Extra pounds may affect PSA test, hiding prostate cancer
By Miranda Hitti
WebMD Medical News
Latest MedicineNet News
Reviewed By Michael W. Smith, MD
Jan. 24, 2005 -- Obesity may hamper the accuracy of a common prostate cancer screening test.
A new study shows that obese men tend to have lower levels of prostate-specific antigen (PSA), which could make it harder to detect prostate cancer.
The finer points of the relationship between prostate cancer and obesity aren't 100% clear. But men needn't wait for all the details to shed excess pounds. From head to toe, it's far healthier to be in good shape.
Prostate Cancer, Obesity: Where We Stand
Prostate cancer is the most common type of cancer found in U.S. men apart from skin cancer, says the American Cancer Society (ACS). In 2005, there will be about 232,000 new cases of prostate cancer and some 30,350 prostate cancer deaths in America, predicts the ACS.
While prostate cancer's death rate is falling, it's still the second leading cause of cancer death among American men. "While 1 man in 6 will get prostate cancer during his lifetime, only 1 man in 33 will die of this disease," says the ACS. Prostate cancer is most common in older men.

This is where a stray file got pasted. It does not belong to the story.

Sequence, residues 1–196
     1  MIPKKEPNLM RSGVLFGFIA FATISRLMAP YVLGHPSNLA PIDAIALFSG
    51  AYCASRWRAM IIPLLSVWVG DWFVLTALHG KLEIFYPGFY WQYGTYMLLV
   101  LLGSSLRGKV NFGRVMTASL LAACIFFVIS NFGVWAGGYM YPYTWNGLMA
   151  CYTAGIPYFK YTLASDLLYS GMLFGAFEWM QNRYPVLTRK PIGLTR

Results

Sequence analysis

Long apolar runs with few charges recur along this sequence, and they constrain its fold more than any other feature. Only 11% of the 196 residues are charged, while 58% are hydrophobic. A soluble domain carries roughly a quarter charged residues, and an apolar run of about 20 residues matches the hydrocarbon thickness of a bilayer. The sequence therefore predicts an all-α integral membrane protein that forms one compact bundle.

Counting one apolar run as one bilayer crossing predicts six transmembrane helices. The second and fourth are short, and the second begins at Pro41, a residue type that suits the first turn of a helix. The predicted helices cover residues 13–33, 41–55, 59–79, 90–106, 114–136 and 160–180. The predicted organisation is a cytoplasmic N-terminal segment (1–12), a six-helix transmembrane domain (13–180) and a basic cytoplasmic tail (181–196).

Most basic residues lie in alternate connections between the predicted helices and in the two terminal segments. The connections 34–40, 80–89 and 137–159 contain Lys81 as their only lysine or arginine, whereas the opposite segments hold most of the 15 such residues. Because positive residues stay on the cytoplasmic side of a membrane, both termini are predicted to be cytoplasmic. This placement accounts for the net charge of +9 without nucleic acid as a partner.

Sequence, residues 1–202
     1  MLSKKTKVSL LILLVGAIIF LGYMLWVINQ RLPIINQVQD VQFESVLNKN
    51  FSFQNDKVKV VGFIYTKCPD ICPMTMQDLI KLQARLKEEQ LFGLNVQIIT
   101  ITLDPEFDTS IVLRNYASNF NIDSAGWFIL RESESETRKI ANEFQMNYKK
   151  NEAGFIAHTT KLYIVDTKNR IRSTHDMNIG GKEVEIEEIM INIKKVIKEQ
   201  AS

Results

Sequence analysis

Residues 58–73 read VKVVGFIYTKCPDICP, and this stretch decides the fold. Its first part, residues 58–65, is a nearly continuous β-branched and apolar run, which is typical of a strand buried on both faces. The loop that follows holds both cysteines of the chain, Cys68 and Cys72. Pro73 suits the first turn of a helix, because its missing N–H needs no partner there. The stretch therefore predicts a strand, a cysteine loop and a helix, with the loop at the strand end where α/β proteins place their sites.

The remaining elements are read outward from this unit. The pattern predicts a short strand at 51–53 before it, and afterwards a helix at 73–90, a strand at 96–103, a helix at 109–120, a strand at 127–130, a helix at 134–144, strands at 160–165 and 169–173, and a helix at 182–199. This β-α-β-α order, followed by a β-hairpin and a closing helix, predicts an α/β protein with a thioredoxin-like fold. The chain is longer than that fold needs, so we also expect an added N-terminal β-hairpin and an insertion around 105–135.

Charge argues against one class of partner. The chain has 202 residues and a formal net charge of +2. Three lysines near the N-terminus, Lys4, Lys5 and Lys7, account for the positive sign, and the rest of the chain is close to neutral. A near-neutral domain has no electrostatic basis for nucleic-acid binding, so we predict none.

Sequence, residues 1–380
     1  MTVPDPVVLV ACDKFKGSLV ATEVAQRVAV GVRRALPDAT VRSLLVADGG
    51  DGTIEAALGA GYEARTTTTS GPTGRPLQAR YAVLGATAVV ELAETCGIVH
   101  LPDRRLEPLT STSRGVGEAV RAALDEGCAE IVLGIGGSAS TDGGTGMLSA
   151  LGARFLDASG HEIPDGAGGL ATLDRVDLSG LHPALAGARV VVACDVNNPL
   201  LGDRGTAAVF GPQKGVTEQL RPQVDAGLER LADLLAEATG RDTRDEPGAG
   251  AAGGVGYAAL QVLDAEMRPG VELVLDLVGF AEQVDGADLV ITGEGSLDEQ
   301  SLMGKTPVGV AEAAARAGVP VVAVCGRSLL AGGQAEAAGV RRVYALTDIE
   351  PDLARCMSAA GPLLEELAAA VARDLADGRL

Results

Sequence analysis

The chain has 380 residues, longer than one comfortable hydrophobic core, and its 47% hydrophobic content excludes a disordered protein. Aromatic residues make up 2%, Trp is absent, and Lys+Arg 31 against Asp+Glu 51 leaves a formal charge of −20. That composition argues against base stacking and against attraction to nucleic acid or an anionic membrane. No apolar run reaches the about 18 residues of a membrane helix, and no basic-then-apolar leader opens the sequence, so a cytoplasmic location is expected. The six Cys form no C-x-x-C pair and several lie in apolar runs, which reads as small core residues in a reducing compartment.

It's no secret that obesity is also rampant in America. In 1999-2000, an estimated 64% of U.S. adults over age 20 were obese or overweight, says the CDC.
Obesity's Effects on Prostate Cancer
Recent studies suggest that obese men may be more likely to have advanced stages of prostate cancer with lower survival rates. Some research has also shown an increased prostate cancer risk for obese and overweight men, but other studies have contradicted that finding.
The link between obesity, excess weight, and prostate cancer got the attention of researchers including Jacques Baillargeon, PhD, of the University of Texas Health Center at San Antonio.
They examined PSA levels in obese and overweight men. Their study appears in the March 1 issue of the journal Cancer.
PSA is produced by the prostate gland. An increase in PSA or a high PSA level may indicate prostate cancer. But high PSA levels could also indicate prostate enlargement without cancer.
Higher Weight, Lower PSA
Almost 2,800 men participated in the study. None had prostate cancer. Overall, 81% were overweight or obese. That's based on their body mass index (BMI).
The men gave blood samples for a PSA test. The researchers found that PSA levels decreased with increasing body weight.
That's not necessarily cause for celebration. In this case, low PSA levels might not indicate health. Instead, it could mask prostate cancer, say the researchers.
They call for more studies to see if considering BMI with PSA improves early detection and survival for prostate cancer in obese and overweight men.
SOURCES: Baillargeon, J. Cancer, March 1, 2005; vol 103. WebMD Medical News: "Lose Weight, Lower Prostate Cancer Risk." American Cancer Society. CDC. WebMD Medical Reference from Healthwise: "Prostate-Specific Antigen (PSA) Test Overview." News release, John Wiley & Sons, Inc.
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